Managing this will be a lot easier if your organisation has a good culture of accountability and healthy challenge. Without this, all the paperwork and good intention in the world can be in vain. Don’t be afraid to discuss conflicts with your colleagues or leadership, especially if there are any situations that make you feel uncomfortable. There may well be conversations which need to be had, but which have never been had because no one has thought to start them.

Set clear thresholds for action
Not all conflicts of interest will require immediate action – some are just for noting. For some conflicts of interest, you’ll want a team member to leave the discussion. For others, you might value their input but they won’t vote on any outcomes. (In small organisations, be wary of removing the one person in the room who – because of their other interests – holds the most knowledge about the discussion item!) A dynamic and pragmatic approach will often be needed. It’s important to be clear, though, about what conflicts warrant different actions, and apply these as consistently as possible. Don’t just have a policy – follow it, abide by it, and update it if it’s no longer fit for purpose. Contact peers in your networks to see what other similar organisations are doing, and what you can learn from it.

Keep good records
The Charity Commission’s guidance on conflicts of interest requires trustees to keep good records of conflicts of interest and how they were handled. This could be via a Declarations of Interest register, a clear policy on how conflicts are handled, and thorough board minutes detailing conversations and decisions taken.

How does this affect your year-end accounts?

The requirements of your year-end accounts are not the only reason to record and manage conflicts of interest well. They do, however, provide a helpful reminder of what you need to be doing, and perhaps an annual nudge to do something about it! Furthermore, this is so important that an Independent Examiner / Auditor has a legal requirement to report any organisation to the Charity Commission which has not managed and disclosed conflicts of interest sufficiently.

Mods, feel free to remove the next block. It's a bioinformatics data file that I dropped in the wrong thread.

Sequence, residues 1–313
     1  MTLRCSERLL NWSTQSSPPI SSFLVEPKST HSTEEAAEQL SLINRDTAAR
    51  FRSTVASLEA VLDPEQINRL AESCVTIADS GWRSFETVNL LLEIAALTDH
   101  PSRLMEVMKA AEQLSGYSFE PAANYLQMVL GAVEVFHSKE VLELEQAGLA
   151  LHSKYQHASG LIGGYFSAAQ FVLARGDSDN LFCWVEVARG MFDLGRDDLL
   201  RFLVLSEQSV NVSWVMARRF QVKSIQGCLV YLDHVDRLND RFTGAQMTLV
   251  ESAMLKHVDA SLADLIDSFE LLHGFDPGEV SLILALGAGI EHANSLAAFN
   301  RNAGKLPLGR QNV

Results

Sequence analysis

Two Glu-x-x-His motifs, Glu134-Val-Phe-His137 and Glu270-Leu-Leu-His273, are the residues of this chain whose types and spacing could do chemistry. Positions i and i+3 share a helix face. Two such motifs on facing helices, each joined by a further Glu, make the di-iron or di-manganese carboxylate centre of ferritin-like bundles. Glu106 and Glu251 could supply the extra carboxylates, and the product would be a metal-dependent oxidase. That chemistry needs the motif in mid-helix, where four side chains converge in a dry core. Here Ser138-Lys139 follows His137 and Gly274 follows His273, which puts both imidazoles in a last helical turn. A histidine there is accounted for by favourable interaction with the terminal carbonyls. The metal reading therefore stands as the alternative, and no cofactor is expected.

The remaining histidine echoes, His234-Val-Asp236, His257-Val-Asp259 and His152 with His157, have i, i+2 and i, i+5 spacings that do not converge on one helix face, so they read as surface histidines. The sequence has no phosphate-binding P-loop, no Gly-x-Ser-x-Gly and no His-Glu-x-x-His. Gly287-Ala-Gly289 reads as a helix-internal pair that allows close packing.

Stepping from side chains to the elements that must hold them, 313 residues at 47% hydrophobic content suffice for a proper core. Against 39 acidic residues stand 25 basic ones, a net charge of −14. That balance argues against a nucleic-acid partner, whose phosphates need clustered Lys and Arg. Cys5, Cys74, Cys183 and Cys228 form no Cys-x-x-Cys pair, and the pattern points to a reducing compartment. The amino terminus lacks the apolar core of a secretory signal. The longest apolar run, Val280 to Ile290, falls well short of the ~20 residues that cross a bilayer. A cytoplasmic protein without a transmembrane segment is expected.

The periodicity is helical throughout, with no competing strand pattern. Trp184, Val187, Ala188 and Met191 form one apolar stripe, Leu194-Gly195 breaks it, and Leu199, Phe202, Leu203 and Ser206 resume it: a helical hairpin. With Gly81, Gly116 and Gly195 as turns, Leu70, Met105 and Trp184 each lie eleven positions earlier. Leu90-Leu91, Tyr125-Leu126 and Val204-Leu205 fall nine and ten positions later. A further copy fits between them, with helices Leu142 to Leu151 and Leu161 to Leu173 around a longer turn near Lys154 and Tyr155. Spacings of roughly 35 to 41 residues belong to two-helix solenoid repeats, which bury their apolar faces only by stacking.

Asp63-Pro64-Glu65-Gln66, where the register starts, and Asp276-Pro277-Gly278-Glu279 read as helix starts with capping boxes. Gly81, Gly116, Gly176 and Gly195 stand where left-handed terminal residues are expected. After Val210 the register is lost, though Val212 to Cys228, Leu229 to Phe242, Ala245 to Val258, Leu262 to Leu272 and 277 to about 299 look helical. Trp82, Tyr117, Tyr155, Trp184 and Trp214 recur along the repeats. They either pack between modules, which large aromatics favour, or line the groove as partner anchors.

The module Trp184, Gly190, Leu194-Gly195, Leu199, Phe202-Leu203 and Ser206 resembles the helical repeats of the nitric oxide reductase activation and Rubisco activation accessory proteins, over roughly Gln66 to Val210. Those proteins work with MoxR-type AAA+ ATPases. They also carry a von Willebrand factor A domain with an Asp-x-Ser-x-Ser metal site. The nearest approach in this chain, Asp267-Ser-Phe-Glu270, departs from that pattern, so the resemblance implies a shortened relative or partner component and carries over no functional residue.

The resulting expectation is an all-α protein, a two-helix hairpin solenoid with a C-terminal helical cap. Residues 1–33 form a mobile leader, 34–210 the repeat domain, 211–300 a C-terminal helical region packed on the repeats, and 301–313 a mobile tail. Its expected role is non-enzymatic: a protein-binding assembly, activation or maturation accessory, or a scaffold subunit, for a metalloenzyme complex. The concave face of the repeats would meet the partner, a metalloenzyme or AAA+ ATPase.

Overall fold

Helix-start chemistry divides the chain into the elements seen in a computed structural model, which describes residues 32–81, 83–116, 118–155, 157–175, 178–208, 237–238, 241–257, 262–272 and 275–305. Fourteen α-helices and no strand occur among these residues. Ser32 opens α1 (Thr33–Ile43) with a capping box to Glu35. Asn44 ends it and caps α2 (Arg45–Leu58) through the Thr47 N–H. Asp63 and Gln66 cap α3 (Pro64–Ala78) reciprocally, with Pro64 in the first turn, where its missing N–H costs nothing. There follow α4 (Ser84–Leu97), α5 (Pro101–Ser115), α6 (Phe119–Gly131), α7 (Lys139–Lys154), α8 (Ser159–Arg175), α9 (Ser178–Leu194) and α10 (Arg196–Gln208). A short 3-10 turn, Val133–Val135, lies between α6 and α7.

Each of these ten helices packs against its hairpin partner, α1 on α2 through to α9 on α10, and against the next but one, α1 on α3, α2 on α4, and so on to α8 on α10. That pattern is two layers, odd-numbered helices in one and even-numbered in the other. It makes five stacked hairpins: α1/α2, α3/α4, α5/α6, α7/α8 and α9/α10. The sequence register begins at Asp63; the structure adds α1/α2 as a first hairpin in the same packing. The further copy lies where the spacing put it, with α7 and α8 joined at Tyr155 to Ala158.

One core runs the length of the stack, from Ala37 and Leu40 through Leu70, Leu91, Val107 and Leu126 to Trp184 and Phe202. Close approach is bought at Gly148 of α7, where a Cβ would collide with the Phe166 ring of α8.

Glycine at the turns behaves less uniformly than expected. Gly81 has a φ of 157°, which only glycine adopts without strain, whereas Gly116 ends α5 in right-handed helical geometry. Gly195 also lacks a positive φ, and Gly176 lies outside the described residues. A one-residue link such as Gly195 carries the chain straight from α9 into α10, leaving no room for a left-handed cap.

Trustees must, if they prepare accruals accounts, disclose any trustee benefits in the charity’s accounts. You should always consult your Independent Examiner or Auditor about what to declare in your year-end accounts. Here are some tips from us:

Related party transactions
If any of your trustees or key management personnel have related party transactions, these should be identified. This includes staff members who are related to trustees, and any financial transactions to or from an organisation with which you have a mutual trustee.

Trustees who are employed
This might sound a strange idea but is often the case due to the way organisations are constituted – especially in churches. If any of your trustees are employed on your staff team, they are receiving benefits from your organisation, which need to be declared. This is usually by declaring total employment costs, and, if necessary, the cost of housing provided by the charity too.